The American Malacological Union, now the American Malacological Society, was founded in 1931 chiefly through the organizing efforts of Norman W. Lermond, a New England farmer, utopian community founder, Socialist Party politician, and amateur naturalist. Although a national organization of malacologists had long been discussed, Lermond undertook correspondence with amateur and professional malacologists throughout the country, and eventually gathered the names of 192 persons interested in forming an organization. Its first meeting was held on April 30-May 2, 1931, in Philadelphia, Pennsylvania, with 29 attendees from 12 states. Its first president was Henry A. Pilsbry of Philadelphiaâs Academy of Natural Sciences. In 1997, an Internet presence was established with the introduction of a "home page" accessible via the World Wide Web to anyone with access to the Internet. Early fall of 1998, the membership voted to change the name of the organization from the American Malacological Union (AMU) to the American Malacological Society (AMS). In 1931 the choice of the word "Union" was appropriate as the organization was a group of professionals, a union of shell clubs, and individual amateurs. Over the years the word "Union" evolved to refer to trade and labor groups. The word "Union" presented problems for treasurers in establishing banking arrangements and for Presidents seeking outside funding for various functions of the organization. The name change brought the organization more in line with comparable societies with a better understanding of its focus, goals, and activities.
The AMS has met in the summer nearly every year since then, the series broken only by the skipped World War II years of 1941-1945. Meetings have taken place throughout the U.S., as well as once in Havana, Cuba (1938), and twice in Canada -- Montreal (1960) and Ottawa (1967). In 1948, a Pacific Division was organized, which held separate meetings on the west coast in years when the main body met on the east coast. In 1968, this function was taken over by the separately organized Western Society of Malacologists, which now meets jointly with the AMS in western sites. In 1998, the AMS met in Washington, DC, jointly with Unitas Malacologia in a World Congress of Malacology. That same year, the organization changed its name to the American Malacological Society.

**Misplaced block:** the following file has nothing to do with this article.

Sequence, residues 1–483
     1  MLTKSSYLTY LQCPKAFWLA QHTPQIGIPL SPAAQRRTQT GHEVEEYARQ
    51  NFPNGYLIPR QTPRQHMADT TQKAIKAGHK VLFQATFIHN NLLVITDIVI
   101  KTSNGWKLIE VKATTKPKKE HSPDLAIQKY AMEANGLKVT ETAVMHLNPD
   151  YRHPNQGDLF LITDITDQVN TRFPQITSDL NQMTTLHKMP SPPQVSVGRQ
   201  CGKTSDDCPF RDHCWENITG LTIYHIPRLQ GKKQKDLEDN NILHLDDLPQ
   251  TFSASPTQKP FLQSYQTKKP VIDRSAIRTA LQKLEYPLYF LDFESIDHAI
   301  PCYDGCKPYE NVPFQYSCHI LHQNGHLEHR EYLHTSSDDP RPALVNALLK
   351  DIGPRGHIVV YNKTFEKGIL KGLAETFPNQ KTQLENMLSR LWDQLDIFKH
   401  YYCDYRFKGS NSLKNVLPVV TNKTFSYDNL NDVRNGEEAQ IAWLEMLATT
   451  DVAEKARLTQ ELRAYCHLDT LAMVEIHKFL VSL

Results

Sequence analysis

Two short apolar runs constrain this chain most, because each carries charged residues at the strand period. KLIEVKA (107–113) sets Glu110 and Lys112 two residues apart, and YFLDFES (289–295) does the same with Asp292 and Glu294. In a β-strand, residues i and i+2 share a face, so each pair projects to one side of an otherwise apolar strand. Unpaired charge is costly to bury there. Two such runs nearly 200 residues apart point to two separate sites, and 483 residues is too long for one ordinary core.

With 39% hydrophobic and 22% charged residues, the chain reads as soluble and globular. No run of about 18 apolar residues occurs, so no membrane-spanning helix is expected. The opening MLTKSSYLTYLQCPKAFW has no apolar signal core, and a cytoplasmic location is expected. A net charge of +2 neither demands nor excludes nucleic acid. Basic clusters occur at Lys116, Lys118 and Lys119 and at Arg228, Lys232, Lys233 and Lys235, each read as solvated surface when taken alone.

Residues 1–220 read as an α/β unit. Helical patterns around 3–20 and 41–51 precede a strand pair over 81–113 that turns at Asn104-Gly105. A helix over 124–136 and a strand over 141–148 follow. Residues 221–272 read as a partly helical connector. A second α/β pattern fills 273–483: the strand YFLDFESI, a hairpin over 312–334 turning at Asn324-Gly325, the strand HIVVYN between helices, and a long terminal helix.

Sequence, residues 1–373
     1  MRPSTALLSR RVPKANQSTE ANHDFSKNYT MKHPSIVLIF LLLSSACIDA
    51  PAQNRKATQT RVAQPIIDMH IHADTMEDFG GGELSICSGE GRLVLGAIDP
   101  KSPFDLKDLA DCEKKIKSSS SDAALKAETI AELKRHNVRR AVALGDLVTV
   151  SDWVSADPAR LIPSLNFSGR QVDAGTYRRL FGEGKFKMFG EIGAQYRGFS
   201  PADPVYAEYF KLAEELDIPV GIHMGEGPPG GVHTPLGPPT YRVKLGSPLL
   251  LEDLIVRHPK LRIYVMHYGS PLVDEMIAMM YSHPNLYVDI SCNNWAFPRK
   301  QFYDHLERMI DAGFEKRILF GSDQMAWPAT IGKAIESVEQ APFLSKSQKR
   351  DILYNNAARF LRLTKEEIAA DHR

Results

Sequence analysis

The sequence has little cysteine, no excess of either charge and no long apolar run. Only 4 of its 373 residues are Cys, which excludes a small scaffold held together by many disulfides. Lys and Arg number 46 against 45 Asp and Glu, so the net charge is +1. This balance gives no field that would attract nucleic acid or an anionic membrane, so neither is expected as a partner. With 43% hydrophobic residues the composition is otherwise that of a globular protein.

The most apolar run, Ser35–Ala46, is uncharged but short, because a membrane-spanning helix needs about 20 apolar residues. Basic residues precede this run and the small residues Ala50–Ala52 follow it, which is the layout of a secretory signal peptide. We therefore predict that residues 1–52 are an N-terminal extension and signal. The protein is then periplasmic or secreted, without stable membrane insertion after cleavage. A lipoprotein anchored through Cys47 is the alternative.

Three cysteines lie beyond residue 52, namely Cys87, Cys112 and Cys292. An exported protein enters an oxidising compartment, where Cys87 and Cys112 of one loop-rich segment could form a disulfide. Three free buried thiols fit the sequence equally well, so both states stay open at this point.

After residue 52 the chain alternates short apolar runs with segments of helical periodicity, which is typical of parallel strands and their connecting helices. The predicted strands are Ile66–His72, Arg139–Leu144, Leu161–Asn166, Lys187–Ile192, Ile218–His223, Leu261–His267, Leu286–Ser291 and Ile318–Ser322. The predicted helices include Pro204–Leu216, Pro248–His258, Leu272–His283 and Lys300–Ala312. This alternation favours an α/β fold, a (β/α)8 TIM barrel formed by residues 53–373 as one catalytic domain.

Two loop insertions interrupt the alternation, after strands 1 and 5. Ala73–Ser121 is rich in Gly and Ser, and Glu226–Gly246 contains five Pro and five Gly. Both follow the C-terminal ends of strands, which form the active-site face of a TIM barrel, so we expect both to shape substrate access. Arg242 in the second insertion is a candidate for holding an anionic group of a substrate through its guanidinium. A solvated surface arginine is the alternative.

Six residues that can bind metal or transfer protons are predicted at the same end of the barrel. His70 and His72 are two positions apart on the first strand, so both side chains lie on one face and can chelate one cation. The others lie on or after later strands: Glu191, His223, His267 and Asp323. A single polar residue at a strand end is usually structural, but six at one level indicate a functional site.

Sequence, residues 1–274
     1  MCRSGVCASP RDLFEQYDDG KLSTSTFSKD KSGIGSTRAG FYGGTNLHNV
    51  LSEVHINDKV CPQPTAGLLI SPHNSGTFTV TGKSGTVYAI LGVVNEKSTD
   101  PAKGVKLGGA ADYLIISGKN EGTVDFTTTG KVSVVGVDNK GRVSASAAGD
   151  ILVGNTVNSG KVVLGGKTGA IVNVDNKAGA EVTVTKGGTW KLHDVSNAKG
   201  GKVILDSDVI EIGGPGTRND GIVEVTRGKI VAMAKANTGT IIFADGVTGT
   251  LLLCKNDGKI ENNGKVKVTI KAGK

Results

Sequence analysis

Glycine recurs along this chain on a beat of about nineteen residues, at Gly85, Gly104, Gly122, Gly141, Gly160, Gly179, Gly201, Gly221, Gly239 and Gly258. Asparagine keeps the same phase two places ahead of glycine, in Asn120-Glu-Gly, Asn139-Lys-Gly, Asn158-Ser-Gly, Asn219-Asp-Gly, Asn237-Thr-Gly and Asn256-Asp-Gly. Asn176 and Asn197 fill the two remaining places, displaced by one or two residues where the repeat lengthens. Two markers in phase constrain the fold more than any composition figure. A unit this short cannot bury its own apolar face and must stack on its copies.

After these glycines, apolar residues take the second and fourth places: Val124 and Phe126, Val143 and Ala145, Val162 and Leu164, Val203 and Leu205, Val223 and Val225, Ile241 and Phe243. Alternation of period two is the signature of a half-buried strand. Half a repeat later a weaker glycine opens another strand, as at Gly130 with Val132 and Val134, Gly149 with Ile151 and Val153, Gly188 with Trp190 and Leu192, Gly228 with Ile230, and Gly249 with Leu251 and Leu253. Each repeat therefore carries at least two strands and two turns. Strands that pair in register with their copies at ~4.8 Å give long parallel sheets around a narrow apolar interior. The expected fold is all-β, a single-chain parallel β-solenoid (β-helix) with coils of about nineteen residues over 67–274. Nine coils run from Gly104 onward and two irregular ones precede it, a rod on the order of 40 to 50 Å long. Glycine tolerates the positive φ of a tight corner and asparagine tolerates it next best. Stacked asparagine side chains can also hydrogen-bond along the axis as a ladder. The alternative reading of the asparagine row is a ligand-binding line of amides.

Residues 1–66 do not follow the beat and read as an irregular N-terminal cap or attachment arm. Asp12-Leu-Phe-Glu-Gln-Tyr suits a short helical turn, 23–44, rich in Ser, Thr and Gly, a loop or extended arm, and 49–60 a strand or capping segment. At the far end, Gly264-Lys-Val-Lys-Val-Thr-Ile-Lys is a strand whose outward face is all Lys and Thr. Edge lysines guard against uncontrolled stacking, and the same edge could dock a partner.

An effort is made at each meeting to include symposia and special paper sessions to highlight key issues in malacology and to attract participants who might not otherwise attend. For example, topics featured in 1995 were island biogeography and the evolution of coleoid cephalopods; in 1996, shell morphology and freshwater mollusks; and, in 1997, deep-water mollusks, phylogenetic systematics, and North Pacific cephalopods.
From 1931 to 1933, reports of the annual meeting were given in the molluscan journal The Nautilus. From 1934 to 1970, an Annual Report [title varies slightly] was issued that included meeting abstracts, some extended, as well as reports on the business meeting and a membership list. In 1970, the annual publication begin to be called the Bulletin, with contributed papers occupying a more substantial fraction of the content, and an Index was issued in 1975.The Bulletin underwent a metamorphosis in 1983, becoming a full-fledged scientific journal called the American Malacological Bulletin [AMB]. Single issues were produced in 1983 and 1984, with two issues produced in most years since then. Three Special Editions have also been issued.Starting with 1986, abstracts of papers presented at the annual meeting were no longer included in the AMB, and could be obtained only with the Program made available only to meeting attendees. Starting in 1996, the Program and Abstracts were also mailed separately to members not attending the annual meeting. Symposia presented at annual meetings have been published either in the AMB or in other scientific journals. Details about the annual meetings and resulting publications are available in Annotated Catalog of Malacological Meetings, Coan & Kabat.Beginning in 1968, a Newsletter has also been issued, generally with two issues each year.
The organization has grown from the initial 29 who met in 1931 to approximately 600 members in 1998. Membership dues cover the cost of the AMB, the Newsletter, and meeting announcements. Membership may be acquired by application to the Treasurer.
The organization is governed by a Council, consisting of 17 members, including a President, President-Elect, Vice-President, Secretary, Treasurer, AMB Editor, the three immediate past presidents, two past presidents from a 4-10-year time frame, two past presidents from a 10-or-more year time-frame, and four Members at Large. The Council meets during the annual meeting and is kept informed during the year by electronic mail. Committees that are active throughout the year include Publications, Student Awards, Conservation, Constitution & Bylaws, Membership, and Collections & Systematics.
Encouragement of Students
In addition to the lower membership rate for students, the AMS generally offers lower student registration and event fees at its annual meetings, and best paper and poster awards are presented. Starting in 1998, a research grant for students will be made available.
The American Malacological Society Web — http://www.malacological.org
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